Even though the semester has just gotten underway, we’ve got several collections nearing completion and will soon be ready for research. In fact, there are two collections that were made available just this month! Today we’ll take a look those collections and the two men who have left a lasting impact at Illinois State University.
Here’s a bit of trivia for you: Can you name the Illinois State Normal University professor who was also dean of the University and the mayor of Normal? This very busy and popular fellow was none other than Orson LeRoy Manchester, the namesake of Manchester Hall.
O.L. Manchester came from a family devoted to education. His father was a school superintendent, both at the county and city level. Manchester earned several degrees in career, his LL.D. being earned locally at Illinois Wesleyan University. Illinois State Normal University’s fourth president, John Cook, asked Manchester to be the principal for University High School, the University’s training school. A short time later, the high school was temporarily closed and Manchester became a professor for the university teaching economics and foreign language.
Manchester was well known and well respected both in the community and on campus. He sponsored student clubs and participated in local groups dedicated to bettering the community. Manchester was also known for his mathematical skill, using formulas to solve problems in the classroom and in town government. Read more about O.L. Manchester and see a list of his collected papers and writings by searching his finding aid.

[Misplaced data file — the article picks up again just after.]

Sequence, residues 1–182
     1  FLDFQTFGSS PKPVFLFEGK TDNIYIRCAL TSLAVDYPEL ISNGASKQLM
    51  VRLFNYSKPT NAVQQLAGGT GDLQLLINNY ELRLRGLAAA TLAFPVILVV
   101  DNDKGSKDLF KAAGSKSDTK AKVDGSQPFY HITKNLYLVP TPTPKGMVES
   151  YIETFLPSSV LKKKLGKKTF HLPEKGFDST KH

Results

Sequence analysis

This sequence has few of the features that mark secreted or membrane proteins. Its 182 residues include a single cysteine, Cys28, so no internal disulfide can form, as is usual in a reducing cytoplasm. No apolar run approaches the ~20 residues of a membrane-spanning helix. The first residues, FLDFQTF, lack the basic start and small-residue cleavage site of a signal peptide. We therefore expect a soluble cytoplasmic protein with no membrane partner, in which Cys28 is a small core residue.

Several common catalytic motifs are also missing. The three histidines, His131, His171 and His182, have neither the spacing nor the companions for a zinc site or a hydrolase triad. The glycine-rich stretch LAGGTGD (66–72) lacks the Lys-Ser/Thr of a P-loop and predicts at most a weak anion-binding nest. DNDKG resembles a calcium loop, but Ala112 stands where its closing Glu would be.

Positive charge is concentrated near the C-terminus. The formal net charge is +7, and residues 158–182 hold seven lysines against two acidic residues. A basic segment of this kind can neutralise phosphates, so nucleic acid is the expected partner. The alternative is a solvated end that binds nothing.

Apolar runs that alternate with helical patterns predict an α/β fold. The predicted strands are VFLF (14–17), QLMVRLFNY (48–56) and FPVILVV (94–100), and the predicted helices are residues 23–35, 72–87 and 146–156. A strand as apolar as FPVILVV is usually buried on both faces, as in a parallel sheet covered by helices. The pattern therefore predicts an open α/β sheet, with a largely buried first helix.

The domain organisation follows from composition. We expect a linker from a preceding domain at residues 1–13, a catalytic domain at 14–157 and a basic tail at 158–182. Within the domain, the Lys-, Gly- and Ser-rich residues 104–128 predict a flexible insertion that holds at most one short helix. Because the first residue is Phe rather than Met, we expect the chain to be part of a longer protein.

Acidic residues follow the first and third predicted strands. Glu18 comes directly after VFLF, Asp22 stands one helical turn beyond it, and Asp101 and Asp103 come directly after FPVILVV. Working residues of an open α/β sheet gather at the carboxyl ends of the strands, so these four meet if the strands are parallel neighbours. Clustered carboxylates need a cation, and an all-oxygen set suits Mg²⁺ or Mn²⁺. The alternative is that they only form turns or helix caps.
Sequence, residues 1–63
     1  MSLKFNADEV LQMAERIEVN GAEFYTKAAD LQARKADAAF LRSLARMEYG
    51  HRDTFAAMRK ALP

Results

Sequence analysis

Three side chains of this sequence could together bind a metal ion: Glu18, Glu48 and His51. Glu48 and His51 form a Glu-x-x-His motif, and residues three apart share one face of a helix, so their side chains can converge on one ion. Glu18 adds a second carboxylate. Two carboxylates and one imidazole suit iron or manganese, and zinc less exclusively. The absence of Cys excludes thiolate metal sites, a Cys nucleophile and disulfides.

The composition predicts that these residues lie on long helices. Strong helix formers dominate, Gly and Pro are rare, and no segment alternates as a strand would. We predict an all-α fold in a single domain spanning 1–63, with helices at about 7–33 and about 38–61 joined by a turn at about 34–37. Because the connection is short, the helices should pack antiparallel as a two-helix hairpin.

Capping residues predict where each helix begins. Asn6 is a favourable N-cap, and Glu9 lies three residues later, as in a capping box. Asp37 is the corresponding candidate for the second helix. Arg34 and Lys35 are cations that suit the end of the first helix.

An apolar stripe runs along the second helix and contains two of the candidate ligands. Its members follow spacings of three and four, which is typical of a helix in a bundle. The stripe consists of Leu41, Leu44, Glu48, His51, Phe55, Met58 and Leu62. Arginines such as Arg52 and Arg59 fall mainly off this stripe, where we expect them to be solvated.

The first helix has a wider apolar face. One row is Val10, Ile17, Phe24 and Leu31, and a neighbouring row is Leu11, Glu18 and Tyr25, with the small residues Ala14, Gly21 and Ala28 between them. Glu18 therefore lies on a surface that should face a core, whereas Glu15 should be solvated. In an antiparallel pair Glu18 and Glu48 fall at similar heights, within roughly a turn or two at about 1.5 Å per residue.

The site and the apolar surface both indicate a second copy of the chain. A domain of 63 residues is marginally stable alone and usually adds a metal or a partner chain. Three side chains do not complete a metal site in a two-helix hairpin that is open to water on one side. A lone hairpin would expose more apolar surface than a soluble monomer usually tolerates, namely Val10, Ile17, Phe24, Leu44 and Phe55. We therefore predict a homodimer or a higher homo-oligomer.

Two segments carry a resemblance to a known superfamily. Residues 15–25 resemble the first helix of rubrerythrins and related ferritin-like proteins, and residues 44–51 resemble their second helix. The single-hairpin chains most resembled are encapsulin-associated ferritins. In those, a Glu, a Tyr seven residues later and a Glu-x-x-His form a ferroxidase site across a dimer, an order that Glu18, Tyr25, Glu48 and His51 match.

We also recently completed the papers of Thomas P. Wallace, our 14th president. Wallace came into the presidency at a time when the state and the country were seeing financial stress. The late 1980s and early 1990s were a complete departure from the days of President Robert G. Bone—state funding was down and student enrollment had dramatically increased. The post World War II GI Bill era had all but ended and the University struggled to find ways to finance needed buildings and projects.
Wallace came to the presidency with an understanding that the University could no longer solely rely on state funding to keep the campus afloat. Alternative sources of funding were needed if the University were to move forward both structurally and academically. His ideas were not always welcome ones—his suggestion to fund the new laboratory science building with private funds was denied in favor of state financing. However, Wallace did bring advancements to the University, including a retooled tuition model, new approaches and ideas to external fundraising, and the installation of a fiber optic system across the campus. Learn more about Wallace, his presidency, and see what materials we have from his tenure by searching his finding aid.
As always, if you would like to see materials from these collections or any of our collection of university history, send us an email or give us a call at (309) 438-3546.